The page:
Home > Bulletin, Humour > An Analysis of Nicole Westbrook’s It’s Thanksgiving

An Analysis of Nicole Westbrook’s It’s Thanksgiving

As many of you might be aware of, Nicole Westbrook recently released a song titled It’s Thanksgiving. It was written and produced by Patrice Wilson (the same guy who rapped about driving past school buses in Rebecca Black’s Friday). Here’s the music video for those who haven’t seen it yet:

 

In the first scene where Nicole is marking off her calendar, we notice that it’s actually set to November 2013, not 2012. Here the music video is deeper than the lyrics would suggest. The problem today is that Thanksgiving holidays are relatively dull compared to others because there aren’t any songs associated with the holiday. Fortunately for us, Nicole and Patrice found a creative solution, by writing a song about Thanksgiving. The November 2013 calender symbolizes how future Thanksgiving holidays (not just this year’s) will be associated with the song similar to how we still and will continue to associate Christmas with songs such as Rudolph the Red-Nosed Reindeer and Santa Claus is Coming to Town.

The highlight of the music video is when the Usher-look-alike-guy, wearing a turkey costume, unexpectedly drops by Nicole’s home and parties with the group of children. At first I was confused because Halloween already passed long ago, but the song is about Thanksgiving. However I realized later that the turkey costume is supposed to reference a popular internet meme. Possibly to avoid potential legal repercussions, the guy decided to wear a turkey instead of a bear costume.

Since the producer also wrote Friday, it’s not surprising that there are many resemblances between that song and It’s Thanksgiving. Both songs begin with the similar oooh-oooh-yeah melody that don’t really serve any purpose except to lengthen the songs’ runtimes. Also the bridge in Nicole’s song where she teaches us when the holidays are (notice that Halloween is missing), is similar to the days-of-the-week verse in Friday. Again there is a rap part, but this time done by Nicole herself (with a lot of swagger nonetheless). I think that these raps are better for children today instead of listening to people rap about sex, drugs or shoving a gerbil up one’s ass. Lastly we clearly see how both songs promote positive thinking as we hear the lines we so excited (Friday) and we are gonna have a good time (It’s Thanksgiving) several times.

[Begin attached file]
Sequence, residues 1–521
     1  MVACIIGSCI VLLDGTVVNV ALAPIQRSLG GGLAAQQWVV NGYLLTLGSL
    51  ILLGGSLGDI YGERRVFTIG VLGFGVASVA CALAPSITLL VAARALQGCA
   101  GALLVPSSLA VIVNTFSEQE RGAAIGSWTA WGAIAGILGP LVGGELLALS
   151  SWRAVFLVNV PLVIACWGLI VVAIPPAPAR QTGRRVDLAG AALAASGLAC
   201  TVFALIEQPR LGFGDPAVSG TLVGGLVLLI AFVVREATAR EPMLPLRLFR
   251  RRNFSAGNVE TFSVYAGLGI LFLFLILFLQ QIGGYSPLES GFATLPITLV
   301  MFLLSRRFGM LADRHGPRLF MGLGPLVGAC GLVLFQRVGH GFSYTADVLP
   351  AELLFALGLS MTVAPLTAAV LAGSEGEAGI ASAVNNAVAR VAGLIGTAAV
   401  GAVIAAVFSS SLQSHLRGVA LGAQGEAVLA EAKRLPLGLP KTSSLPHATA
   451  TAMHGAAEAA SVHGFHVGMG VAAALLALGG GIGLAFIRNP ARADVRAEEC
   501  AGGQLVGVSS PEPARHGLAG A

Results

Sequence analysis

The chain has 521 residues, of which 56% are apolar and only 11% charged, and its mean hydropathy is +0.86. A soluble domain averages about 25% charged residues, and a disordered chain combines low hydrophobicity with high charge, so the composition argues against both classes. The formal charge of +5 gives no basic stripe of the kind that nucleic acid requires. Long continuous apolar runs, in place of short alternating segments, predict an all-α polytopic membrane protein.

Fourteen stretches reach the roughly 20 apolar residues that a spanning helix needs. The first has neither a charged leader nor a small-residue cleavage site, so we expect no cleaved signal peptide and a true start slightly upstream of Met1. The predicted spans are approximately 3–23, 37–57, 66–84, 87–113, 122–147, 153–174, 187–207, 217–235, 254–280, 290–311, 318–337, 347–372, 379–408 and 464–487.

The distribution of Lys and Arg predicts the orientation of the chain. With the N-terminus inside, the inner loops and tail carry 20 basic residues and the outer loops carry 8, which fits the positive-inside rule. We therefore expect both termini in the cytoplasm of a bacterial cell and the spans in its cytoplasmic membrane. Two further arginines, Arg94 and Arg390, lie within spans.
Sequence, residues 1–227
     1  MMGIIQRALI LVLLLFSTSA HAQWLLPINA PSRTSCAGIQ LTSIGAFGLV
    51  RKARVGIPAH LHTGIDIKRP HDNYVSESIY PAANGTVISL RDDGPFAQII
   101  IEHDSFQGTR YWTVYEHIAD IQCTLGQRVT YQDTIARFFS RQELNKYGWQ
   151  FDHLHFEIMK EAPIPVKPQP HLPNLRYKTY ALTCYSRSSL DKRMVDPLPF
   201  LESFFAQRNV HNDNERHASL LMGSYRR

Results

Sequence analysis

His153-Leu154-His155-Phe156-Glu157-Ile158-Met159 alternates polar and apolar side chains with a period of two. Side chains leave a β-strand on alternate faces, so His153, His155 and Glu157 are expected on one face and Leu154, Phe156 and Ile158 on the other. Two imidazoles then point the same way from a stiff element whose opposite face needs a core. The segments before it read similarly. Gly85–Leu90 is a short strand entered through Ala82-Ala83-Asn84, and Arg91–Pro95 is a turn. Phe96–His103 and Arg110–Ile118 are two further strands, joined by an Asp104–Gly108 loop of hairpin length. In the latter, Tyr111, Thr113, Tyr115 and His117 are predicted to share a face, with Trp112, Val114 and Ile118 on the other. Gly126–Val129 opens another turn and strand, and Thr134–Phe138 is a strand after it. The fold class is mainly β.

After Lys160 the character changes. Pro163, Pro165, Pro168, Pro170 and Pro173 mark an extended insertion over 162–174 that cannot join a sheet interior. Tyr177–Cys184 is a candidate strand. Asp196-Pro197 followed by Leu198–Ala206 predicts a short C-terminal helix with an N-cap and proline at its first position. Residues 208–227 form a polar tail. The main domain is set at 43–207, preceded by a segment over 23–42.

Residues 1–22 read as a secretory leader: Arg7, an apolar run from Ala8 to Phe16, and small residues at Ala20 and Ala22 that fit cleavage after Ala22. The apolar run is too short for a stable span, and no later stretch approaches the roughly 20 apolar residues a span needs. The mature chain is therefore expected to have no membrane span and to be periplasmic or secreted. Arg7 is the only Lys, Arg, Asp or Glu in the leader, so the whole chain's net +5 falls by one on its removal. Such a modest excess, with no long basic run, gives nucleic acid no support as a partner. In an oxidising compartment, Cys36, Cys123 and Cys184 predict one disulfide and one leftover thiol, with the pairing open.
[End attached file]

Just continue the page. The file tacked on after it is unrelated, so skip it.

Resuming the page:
I thought the biggest difference was that while Rebecca was indecisive and didn’t know which seat to sit in, Nicole knew exactly what she wanted to eat. We hear her referencing turkey and mash potatoes several times. What makes this song so popular (it received almost seven million views since being released a week ago) is the use of repetitive words such as we and thank you. This technique is seen in other hit songs like Ke$ha’s Tik Tok, Justin Bieber’s Baby and of course the song that inspired this one, Friday. This is the standard aspiring singers and songwriters should follow if they want to be successful.

If there’s one thing I learned from this video, it’s that you will have a good time if you dress up as a turkey and party with prepubescent children. I’m Canadian so my Thanksgiving already passed, but it’s not too early to start planning how I’m going to spend next year’s holiday.

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Categories: Bulletin, Humour
  1. November 14, 2012 at 8:22 pm

    It’s like he was trying to resemble Friday, more than the similarities you’d expect even from the same artist, because that got lots of attention right…?

    • November 30, 2012 at 3:23 pm

      I know! Well I still had a good laugh listening to the song hahaha

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